Before After – St James Studio Theatre

Hadley and Caroline

Hadley Fraser and Caroline Sheen appeared in the showcase of new musical Before After at the St James Studio Theatre, London

Before After was performed at the St James Studio Theatre, London.

For budding writers of new musical theatre there always comes a time in the process when the next step in development is to put the piece in front of an audience – to gauge their reaction and to invite (hopefully) constructive feedback before taking the project to the next stage. The St James Studio has become something of a regular venue for these showcases with rehearsed readings scheduled alongside an excellent line-up of cabaret, comedy, music and theatre.

The latest of these is Before After, with music and lyrics by Stuart Matthew Price – also well-known for his roles in Parade (Donmar Warehouse), The Sound of Music (Regent’s Park Open Air Theatre), Shrek the Musical (Theatre Royal Drury Lane) and The Rocky Horror Show (which he will returning to in Europe this autumn) – and a book and additional lyrics by playwright, lyricist and children’s writer Timothy Knapman.

They are aided and abetted by a small but wonderfully talented creative team in the shape of director Simon Greiff (who does so much to encourage new writing through SimG Records and Productions) and first-class performers Hadley Fraser (soon to appear as Stine in City of Angels at the Donmar Warehouse) and Caroline Sheen.

At the beginning of the piece we see Ami (Sheen) meet Ben (Fraser) by a tree on a beautiful hillside, a place that obviously held a special place in their hearts when they were once very much in love. She immediately recognises him, but he seems to have no recollection of their history together.

We soon discover that Ben, having been involved in a serious car accident, struggles with remembering very much of his previous life. So will the spark between the couple be rekindled and will their love get a second chance?

In what turns out to be a cleverly constructed libretto (rather reminiscent of the themes in Merrily We Roll Along or An Affair to Remember), scenes flick between the past and present as the audience views the stages of their relationship from different perspectives. This often works very well as we see artist Ben create a painting inspired by a distant memory (‘After’), one that we then see played out in flashback (‘Before’).

The two timelines allow us to engage with the characters on different levels – sharing Ami’s concern about when to tell Ben the truth, willing Ben to remember past adventures.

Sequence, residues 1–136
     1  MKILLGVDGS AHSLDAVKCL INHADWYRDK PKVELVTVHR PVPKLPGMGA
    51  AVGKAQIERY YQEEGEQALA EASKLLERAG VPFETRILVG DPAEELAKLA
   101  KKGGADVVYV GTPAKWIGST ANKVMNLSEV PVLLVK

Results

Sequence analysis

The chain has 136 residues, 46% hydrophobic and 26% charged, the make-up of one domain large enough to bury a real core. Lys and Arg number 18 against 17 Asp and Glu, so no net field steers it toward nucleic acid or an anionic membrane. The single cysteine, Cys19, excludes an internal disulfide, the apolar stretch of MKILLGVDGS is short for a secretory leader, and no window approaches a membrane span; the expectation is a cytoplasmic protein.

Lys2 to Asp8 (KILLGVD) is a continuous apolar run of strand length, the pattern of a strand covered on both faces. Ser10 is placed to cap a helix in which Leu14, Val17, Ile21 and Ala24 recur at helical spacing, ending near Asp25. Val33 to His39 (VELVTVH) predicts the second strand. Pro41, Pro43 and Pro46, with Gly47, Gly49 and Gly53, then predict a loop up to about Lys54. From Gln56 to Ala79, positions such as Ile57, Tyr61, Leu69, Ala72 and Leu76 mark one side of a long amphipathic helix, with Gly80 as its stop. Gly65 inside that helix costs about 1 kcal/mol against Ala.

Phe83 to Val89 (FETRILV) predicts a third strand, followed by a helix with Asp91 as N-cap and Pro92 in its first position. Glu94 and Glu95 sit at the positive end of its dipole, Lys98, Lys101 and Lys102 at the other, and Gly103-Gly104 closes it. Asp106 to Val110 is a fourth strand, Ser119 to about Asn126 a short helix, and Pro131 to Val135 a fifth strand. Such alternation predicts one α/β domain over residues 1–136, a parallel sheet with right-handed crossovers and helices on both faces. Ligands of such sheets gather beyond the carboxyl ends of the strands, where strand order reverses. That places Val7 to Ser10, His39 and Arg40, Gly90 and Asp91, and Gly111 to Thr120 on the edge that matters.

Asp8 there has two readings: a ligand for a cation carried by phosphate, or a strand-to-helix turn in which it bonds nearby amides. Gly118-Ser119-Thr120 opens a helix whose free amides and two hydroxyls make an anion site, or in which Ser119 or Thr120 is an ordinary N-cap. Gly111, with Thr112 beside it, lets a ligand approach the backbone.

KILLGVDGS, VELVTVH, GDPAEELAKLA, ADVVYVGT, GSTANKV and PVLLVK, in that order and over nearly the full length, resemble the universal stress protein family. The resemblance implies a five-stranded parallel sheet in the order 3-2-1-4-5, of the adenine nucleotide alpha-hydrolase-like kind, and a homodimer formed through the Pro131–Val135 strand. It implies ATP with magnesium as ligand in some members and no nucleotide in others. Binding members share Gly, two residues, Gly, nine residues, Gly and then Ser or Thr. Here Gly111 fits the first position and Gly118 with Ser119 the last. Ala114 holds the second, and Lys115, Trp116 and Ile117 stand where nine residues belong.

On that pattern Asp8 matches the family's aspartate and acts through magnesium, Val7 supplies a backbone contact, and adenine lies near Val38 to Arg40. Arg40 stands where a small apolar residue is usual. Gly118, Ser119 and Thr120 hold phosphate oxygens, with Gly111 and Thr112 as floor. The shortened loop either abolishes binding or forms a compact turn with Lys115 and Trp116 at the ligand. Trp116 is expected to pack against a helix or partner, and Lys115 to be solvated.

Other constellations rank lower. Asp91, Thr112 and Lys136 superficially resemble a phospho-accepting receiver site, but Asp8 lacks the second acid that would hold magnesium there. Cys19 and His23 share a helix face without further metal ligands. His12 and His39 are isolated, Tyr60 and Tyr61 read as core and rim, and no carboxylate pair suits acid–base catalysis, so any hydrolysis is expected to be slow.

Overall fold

It would be easy to overdo the toing and froing between the Before and After, but these transitions are pretty smooth, and are helped by two incredibly strong performances from Fraser and Sheen. In addition to the intense and sizzling chemistry at work, their excellent acting helps to define the characters perfectly. One can tell whether Fraser is portraying the spontaneous, slightly cocky Ben that existed before the accident, or the rather more cautious man who has lost his confidence as a result of the trauma he has experienced.

If a little ballad heavy in favour of Ami’s character, there is much to savour in the score, not least in compositions like ‘Coming Back’, ‘Up Here’ and ‘As Long As You’re There’ (the real goosebump moment of the show). Plus there’s plenty of comedy too and Fraser’s performance of the brilliant ‘For the First Time’, with Ben facing his fear of the ‘c’ word (‘commitment’), is a definite highlight.

Aspects of the book that deal with Ami’s relationship with her father, and the twist towards the end when the audience starts believing she is having an affair, may need some rewriting. And it is hard to believe that there would be no one in Ben’s life who wouldn’t have recognised Ami from the past. But these are not major flaws in what is very much a work in progress.

Ultimately, though, to have showcased this contemporary love story so effectively without the conventional extras of set, costume and scenery is a great achievement. Credit must also go to a group of fine musicians led by musical director and orchestrator Stephen Ridley.

Ben and Ami struggle with all the fears and insecurities many of us experience on the rocky road of relationships, and we identify with them as a result. I do hope this intimate musical continues to blossom and finds it way to a full production in the not too distant future.

The showcase of Before After was sponsored by the Arts Council England and produced by United Theatrical (founded by Stuart Matthew Price and James Yeoburn.

Lisa Martland

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